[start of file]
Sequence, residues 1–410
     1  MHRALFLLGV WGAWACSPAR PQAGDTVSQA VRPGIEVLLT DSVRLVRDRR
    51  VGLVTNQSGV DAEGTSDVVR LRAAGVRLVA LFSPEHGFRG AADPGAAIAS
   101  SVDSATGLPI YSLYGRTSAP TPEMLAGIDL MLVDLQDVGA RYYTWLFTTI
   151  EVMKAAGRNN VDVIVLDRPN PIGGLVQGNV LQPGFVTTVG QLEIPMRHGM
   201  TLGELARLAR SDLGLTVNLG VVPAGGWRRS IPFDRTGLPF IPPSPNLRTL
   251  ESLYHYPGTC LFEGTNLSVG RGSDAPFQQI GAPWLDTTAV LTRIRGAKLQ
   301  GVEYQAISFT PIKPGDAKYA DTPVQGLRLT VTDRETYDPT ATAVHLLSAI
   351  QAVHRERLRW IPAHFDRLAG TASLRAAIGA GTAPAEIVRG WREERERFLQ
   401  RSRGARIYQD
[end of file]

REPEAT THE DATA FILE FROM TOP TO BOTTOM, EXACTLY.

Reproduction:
Sequence, residues 1–410
     1  MHRALFLLGV WGAWACSPAR PQAGDTVSQA VRPGIEVLLT DSVRLVRDRR
    51  VGLVTNQSGV DAEGTSDVVR LRAAGVRLVA LFSPEHGFRG AADPGAAIAS
   101  SVDSATGLPI YSLYGRTSAP TPEMLAGIDL MLVDLQDVGA RYYTWLFTTI
   151  EVMKAAGRNN VDVIVLDRPN PIGGLVQGNV LQPGFVTTVG QLEIPMRHGM
   201  TLGELARLAR SDLGLTVNLG VVPAGGWRRS IPFDRTGLPF IPPSPNLRTL
   251  ESLYHYPGTC LFEGTNLSVG RGSDAPFQQI GAPWLDTTAV LTRIRGAKLQ
   301  GVEYQAISFT PIKPGDAKYA DTPVQGLRLT VTDRETYDPT ATAVHLLSAI
   351  QAVHRERLRW IPAHFDRLAG TASLRAAIGA GTAPAEIVRG WREERERFLQ
   401  RSRGARIYQD